G20 Summits • 2018 Buenos Aires Summit
The Future of Work —
Tourism's Leading Role in Sustainable Development:
A Driver for Employment
Buenos Aires, Argentina, April 17, 2018
We, Ministers of Tourism of G20 member countries (Australia, Brazil, Canada, China, the European Union, France, Germany, India, Indonesia, Italy, Japan, Mexico, Republic of Korea, Russian Federation, Saudi Arabia, South Africa, Turkey, United Kingdom and the United States of America), and invited States (Chile, Georgia, Jamaica, Netherlands, Senegal, Singapore and Spain) meeting under Argentina's G20 Presidency, alongside the representatives of the International Labour Organization (ILO), the World Tourism Organization (UNWTO) and the World Travel and Tourism Council (WTTC), in Buenos Aires, Argentina on April 17, 2018,
- tourism accounts for as much as 10% of world's GDP, considering its direct, indirect and induced impacts;
- tourism is the world's third largest export category after chemicals and fuels and that international tourism generated nearly 1,060 billion USD in exports in the G20 economies in 2016 representing 6.3% of all G20 exports;
- tourism is included within the Sustainable Development Goals in three goals and namely in Goal 8, Target 8.9 – "by 2030, devise and implement policies to promote sustainable tourism that creates jobs and promotes local culture and products";
- tourism is a labour intensive service sector which is estimated to account for one in 10 jobs in the world (direct, indirect and induced impacts) with one job in the core tourism sector creating about one-and-a-half additional jobs in the tourism-related economy;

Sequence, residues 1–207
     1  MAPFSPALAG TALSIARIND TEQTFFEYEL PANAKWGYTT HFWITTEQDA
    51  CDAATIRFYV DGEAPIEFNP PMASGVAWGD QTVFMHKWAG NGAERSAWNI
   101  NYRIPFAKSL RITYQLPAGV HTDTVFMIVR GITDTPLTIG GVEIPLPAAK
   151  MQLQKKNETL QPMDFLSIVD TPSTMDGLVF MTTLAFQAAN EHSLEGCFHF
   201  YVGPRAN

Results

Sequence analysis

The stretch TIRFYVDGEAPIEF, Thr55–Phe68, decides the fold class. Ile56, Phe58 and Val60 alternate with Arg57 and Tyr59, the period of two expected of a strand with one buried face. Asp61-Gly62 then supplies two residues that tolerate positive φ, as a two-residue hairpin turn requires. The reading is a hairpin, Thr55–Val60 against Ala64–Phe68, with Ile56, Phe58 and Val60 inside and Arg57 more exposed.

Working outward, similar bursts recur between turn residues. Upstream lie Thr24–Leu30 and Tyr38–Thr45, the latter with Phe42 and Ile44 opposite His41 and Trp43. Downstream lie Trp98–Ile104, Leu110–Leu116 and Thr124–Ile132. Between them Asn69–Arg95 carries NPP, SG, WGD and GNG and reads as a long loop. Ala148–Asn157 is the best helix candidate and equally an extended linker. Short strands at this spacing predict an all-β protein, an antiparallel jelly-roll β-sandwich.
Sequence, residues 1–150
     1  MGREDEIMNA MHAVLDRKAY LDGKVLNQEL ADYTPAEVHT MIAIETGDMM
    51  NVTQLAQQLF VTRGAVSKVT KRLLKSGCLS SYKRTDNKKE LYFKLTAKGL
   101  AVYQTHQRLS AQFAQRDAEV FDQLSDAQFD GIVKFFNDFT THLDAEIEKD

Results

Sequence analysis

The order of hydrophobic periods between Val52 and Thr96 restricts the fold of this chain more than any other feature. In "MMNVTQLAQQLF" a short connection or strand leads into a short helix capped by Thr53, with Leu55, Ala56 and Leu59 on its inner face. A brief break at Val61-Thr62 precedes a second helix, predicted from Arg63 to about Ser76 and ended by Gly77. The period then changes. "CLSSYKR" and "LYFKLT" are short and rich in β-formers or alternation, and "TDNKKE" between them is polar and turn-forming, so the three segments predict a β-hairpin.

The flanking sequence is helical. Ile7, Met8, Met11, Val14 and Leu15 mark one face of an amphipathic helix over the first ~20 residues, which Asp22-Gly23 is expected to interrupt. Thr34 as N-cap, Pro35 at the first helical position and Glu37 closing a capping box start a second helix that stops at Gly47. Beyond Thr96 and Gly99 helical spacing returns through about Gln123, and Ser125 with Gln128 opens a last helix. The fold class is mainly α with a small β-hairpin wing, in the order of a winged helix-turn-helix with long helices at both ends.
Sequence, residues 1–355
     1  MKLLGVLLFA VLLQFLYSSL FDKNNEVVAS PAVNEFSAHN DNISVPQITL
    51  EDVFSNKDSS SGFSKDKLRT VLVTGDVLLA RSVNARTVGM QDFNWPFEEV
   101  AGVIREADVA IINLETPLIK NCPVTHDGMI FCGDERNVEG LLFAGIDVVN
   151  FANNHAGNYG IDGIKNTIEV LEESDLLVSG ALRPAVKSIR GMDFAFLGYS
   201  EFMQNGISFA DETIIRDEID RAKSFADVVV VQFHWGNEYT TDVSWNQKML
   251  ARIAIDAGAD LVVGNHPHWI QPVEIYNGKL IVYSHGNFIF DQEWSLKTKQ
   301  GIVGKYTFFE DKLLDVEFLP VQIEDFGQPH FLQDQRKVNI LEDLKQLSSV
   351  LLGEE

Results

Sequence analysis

- tourism creates jobs for people of all ages and skills levels, not only in the sector, but through its value chain in many other sectors such as cultural industries, agriculture, construction, manufacturing, transportation, handicrafts, health, financial services or information and communication technologies;
- tourism accounts for a higher share of women's employment and entrepreneurship as compared to the whole economy and can thus be an effective means to promote gender equality and women's empowerment;
- tourism creates employment opportunities for young people, enables youth to enter the labour market and gain experience and move up in the value chain into higher, better paid jobs and thus significantly contributes to reducing youth unemployment;
- tourism creates jobs in rural and remote areas and is often one of the few viable economic drivers for job creation in these areas being a driving force for social inclusion with a particular potential to advance employment and economically empower groups which are more vulnerable to social and economic risks, including, but not limited to, women, young people, migrants, tribal peoples, indigenous and rural communities;
- tourism can contribute to the synergies, preservation and promotion of natural resources, cultural values and heritage;
- tourism is a fast-evolving and competitive service sector requiring adaptability to market trends and demand, the technological revolution is changing the demand for skills and the characteristics of tourism jobs, and the emergence of new modalities and platform tourism services (for example the "sharing economy"), social media networks, big data or geo-localization are changing tourism jobs;
- legislation and regulation, awareness, cooperation and communication among relevant stakeholders, technological savviness and funding are main issues that influence on the adaptation to the technological revolution, and that with the right policies in place technology opens immense opportunities to foster innovation and create new and better jobs in tourism;